Veterans of the series will also recall that destructive power-ups litter the track; such as the Fireball, Electric Shock or the Boxing Glove, which predictably allow you to fry your opponent or knock them off the track, thus giving you a few crucial seconds advantage. Letters lay on the track, which if picked up give you access to some temporary power-ups, such as improved steering, speed or grip. The cocksure driver can even bet the letters they have accumulated before the race in order to gain even more letters - failure, however, will not only lose you a life, but the currency too, so it's a risky business.

Hard, as in you'll play the same track 79 times in a row

It's around about this point that you find out that the game has been made prohibitively difficult to allow for any frivolous activities. Not only is it outrageously hard but, crime of crimes, it has a ridiculously restrictive password save system to rub sulphuric acid into the gaping wounds. Obviously the expense of a battery back-up system was deemed too costly, and your chances of enjoying the game disappear with this baffling decision. As a result, if you do make the fatal mistake of losing/forgetting the code given to you after the fourth race you will be forced to unlock everything all over again. Although the races are very short, often taking just over a minute, the CPU skill level is stupendously tough beyond the first few stages.

Through iron will and determination you might just get luck enough, but the margin for error is Rizla paper thin; make one tiny mistake (most likely a forced error caused by the cheating, Schumacher-esque CPU drivers) and you lose a life for daring not to finish first, and with just four lives at your disposal, it won't be long before you're desperately practising the problem tracks to get some kind of competitive advantage, but it's mostly in vain thanks to the inability of the developer to recognise that the CPU AI is way too hard. Believe it or not, there is no skill level modifier. Bizarre. If you can find cheats and have three other mates willing to buy this, then you've got yourself one of the GBA's finest multiplayer games, but as a single player game you're in for one hell of a rough ride.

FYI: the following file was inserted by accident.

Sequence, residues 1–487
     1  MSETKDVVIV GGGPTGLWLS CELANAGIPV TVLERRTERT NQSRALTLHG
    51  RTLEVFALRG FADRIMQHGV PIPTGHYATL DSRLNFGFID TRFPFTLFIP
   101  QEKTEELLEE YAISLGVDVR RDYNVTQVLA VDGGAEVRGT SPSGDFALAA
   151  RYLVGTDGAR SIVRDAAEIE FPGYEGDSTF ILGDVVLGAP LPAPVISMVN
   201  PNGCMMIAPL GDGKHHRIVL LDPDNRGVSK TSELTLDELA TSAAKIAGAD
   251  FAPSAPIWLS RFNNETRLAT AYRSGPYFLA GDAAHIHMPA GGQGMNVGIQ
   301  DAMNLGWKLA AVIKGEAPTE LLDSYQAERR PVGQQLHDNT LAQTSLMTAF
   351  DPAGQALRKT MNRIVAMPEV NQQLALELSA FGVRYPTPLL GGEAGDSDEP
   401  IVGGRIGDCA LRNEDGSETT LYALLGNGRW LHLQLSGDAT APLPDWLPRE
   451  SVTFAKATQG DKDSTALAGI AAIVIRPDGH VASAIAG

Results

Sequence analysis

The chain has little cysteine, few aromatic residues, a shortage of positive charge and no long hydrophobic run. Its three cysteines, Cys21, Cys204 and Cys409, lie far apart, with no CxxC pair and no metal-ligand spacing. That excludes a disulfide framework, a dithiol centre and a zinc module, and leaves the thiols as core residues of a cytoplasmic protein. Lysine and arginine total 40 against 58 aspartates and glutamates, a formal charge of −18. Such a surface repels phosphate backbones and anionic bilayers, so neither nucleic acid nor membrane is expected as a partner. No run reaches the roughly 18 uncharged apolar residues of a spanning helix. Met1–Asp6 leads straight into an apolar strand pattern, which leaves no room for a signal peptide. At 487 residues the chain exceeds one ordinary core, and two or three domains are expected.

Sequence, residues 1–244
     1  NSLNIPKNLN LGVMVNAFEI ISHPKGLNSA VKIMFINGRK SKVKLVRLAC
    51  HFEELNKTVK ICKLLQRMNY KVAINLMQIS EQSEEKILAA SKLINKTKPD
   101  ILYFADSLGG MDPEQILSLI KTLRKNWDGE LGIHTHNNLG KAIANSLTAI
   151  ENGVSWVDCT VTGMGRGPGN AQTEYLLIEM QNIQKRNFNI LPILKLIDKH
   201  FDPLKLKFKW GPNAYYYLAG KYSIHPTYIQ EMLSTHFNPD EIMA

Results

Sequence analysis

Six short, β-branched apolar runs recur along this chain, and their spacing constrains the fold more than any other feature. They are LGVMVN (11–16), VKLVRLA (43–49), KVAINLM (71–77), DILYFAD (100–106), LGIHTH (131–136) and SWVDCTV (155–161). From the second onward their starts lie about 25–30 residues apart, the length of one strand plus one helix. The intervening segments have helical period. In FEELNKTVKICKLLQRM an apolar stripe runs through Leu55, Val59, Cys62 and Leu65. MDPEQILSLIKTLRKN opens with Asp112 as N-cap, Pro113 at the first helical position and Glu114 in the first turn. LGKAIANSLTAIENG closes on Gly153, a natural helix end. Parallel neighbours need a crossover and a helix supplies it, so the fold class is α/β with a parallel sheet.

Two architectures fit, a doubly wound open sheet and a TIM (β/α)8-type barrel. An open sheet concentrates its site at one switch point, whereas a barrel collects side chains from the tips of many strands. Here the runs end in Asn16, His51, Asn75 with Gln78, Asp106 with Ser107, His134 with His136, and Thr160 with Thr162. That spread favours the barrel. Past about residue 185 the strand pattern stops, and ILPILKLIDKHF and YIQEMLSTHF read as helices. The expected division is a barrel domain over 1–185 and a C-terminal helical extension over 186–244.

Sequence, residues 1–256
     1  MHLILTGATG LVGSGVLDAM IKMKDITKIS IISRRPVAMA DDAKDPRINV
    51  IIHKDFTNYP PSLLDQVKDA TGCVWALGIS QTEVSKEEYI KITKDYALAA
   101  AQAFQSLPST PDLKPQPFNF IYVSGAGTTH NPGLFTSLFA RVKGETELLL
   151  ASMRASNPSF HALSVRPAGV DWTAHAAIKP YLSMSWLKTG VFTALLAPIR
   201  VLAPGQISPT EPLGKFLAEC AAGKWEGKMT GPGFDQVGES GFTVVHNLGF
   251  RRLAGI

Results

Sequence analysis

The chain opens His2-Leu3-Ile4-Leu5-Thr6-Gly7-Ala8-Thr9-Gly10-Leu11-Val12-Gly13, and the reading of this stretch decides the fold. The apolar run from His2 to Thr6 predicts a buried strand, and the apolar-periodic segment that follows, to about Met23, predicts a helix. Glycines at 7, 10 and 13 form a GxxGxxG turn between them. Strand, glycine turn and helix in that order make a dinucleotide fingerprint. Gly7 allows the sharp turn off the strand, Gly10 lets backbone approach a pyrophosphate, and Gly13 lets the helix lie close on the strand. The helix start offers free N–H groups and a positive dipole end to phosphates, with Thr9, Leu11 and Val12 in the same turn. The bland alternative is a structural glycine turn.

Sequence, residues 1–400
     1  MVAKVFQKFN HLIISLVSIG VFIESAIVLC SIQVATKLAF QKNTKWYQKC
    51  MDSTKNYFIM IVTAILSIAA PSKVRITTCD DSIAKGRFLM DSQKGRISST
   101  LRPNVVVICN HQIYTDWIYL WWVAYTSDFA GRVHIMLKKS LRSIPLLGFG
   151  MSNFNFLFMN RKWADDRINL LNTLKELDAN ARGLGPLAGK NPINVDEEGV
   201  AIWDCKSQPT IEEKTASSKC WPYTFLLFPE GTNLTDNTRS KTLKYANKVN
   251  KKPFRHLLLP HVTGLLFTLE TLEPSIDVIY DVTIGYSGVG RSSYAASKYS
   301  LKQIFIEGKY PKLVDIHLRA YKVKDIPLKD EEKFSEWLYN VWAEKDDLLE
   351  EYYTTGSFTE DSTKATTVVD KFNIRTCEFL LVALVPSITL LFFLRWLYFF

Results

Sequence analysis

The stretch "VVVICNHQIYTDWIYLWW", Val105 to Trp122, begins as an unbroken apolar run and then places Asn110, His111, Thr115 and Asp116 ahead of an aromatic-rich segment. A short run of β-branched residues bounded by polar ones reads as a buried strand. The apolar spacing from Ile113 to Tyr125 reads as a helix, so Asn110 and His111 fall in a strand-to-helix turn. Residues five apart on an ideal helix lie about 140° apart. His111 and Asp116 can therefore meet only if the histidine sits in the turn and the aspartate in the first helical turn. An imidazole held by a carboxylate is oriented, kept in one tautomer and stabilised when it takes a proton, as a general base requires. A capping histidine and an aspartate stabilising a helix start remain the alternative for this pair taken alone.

How something as fundamental as a decent save game mechanic and a skill level modifier can be overlooked is beyond us, but they help ruin a superb game that would've otherwise been one of the machine's finest, most compulsive games. In the words of Richard Wilson, I don't believe it.

6 / 10

Read the Eurogamer.net review policy MicroMachines Kristan Reed Micro goes Micro, and Kristan's there to see how it fits 2003-03-18T15:04:00+00:00 6 10